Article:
After this, it gets more about the heart. The reason is not because the action and ritual should give way to the heart, but because the action without the heart is like a body without a soul. Back to our context of a relationship: a husband indeed should do the action of giving flowers, but it must also be accompanied by his love for his wife, and his desire to please her, in the context of her everpresence in his heart. Without that, it's next-to-worthless for her, and indeed can end up being a grave offense. Especially after the relationship is not young and new, but mature and developed.

Even when the Nevi'im put a lot of emphasis on justice, corruption, and the interpersonal mitzvot, it is still in order to serve Him, because this is what He wants from His creations. It is just as much His will as the ritual ben-adam-leMakom mitzvot!

So, the Nevi'im relay for us that our hearts are not in it enough, and we see a more personal side to Hashem, who is looking into our hearts constantly. While reminding us, throughout that the action is non-negotiable ("If only they'd abandon Me, if it means they will do the Mitzvot" - Eicha Rabbah on Yirmiyahu 16:11, indeed the Nevi'im are replete with exhortation to keep the Torah), He also tells us things like, a sacrifice without the heart is not what He wants (Hoshea 6:6).

In the Ketuvim, it becomes very close and personal. Tehillim, love songs for Hashem. Shir Hashirim, the Kodesh Kodashim. King David telling King Shlomo to know the God of his father (I Chronicles 28:9).

Now we can get to your questions.

  1. Bli neder I will find specific examples, but hopefully what I have explained above has cleared up the misconception you have that the Nevi'im are not focusing on the action because they view it with less importance. Instead, they take it as given, and refer to it generally all over the place, with phrases such תּוֹרָתִי לֹא שָׁמָרוּ - they did not keep My Torah.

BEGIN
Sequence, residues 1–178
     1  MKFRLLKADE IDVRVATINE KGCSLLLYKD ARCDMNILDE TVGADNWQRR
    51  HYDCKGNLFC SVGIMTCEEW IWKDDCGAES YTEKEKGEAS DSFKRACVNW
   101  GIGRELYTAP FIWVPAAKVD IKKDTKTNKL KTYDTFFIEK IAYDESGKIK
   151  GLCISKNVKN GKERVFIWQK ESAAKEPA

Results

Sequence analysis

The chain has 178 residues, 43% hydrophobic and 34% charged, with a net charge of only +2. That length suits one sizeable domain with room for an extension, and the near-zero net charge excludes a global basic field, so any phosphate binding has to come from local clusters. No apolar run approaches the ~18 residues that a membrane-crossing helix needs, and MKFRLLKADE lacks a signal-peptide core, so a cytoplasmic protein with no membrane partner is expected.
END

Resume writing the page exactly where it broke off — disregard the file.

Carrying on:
2. The Nevi'im exhort us to serve Hashem with our hearts, because this is a real relationship of love, like a marriage. We may have been keeping the Mitzvot on the outside, but on the inside we were doing it without love or desire. Working on these aspects takes place in a more mature stage of our relationship, and thus is the focus of these later Nevi'im.
  3. Hillel is capturing all of the above in his statement. Don't do to others what you find hateful. Treat people properly in the way you act, and put heart into it (because you hate it when people make you feel alone by mistreating you, or even treating you well but without having you in their heart at all). This includes treating Hashem properly, including the ritual Mitzvot, as well as the interpersonal Mitzvot.
  • Thank you. However, you last point regrading Hillel's statement is extremely novel and hard to understand. I don't see how we can consider Hashem to be the "other" in Hillel's statement as in someone that can be hurt in any way. Furthermore, we are only told to not to harm others and treat them with respect, but we wouldn't have to fulfill their unexplained myriad wishes. Therefore, the analogy doesn't follow to Hashem. I obviously agree that Hillel knows we are obligated to fulfill "Bein adam lamakom", but maybe the point is to perfect our character.
    – Bpsb
    Commented Apr 16 at 21:41
  • @Bpsb indeed, the idea is not novel at all, although it does go against certain grains. It's totally fair if this answer doesn't speak to you but hopefully will be of use to someone. Thanks for asking a great question and I hope you find an answer that satisfies your curiosity
    – Rabbi Kaii
    Commented Apr 16 at 21:53